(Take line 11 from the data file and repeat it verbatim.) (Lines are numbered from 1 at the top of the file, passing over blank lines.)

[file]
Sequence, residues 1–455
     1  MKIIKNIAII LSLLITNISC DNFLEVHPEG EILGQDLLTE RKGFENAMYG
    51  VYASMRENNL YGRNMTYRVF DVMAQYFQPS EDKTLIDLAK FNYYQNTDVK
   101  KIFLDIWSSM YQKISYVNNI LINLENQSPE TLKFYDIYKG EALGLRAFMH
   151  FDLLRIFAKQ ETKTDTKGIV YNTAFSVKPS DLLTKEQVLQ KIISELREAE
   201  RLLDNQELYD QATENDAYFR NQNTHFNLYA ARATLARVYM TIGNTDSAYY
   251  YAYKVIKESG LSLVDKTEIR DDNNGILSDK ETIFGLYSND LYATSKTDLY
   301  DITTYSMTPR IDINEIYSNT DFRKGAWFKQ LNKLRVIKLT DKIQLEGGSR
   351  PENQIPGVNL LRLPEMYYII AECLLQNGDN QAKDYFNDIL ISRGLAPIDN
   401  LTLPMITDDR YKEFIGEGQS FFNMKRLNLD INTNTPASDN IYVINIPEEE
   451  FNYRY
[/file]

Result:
   451  FNYRY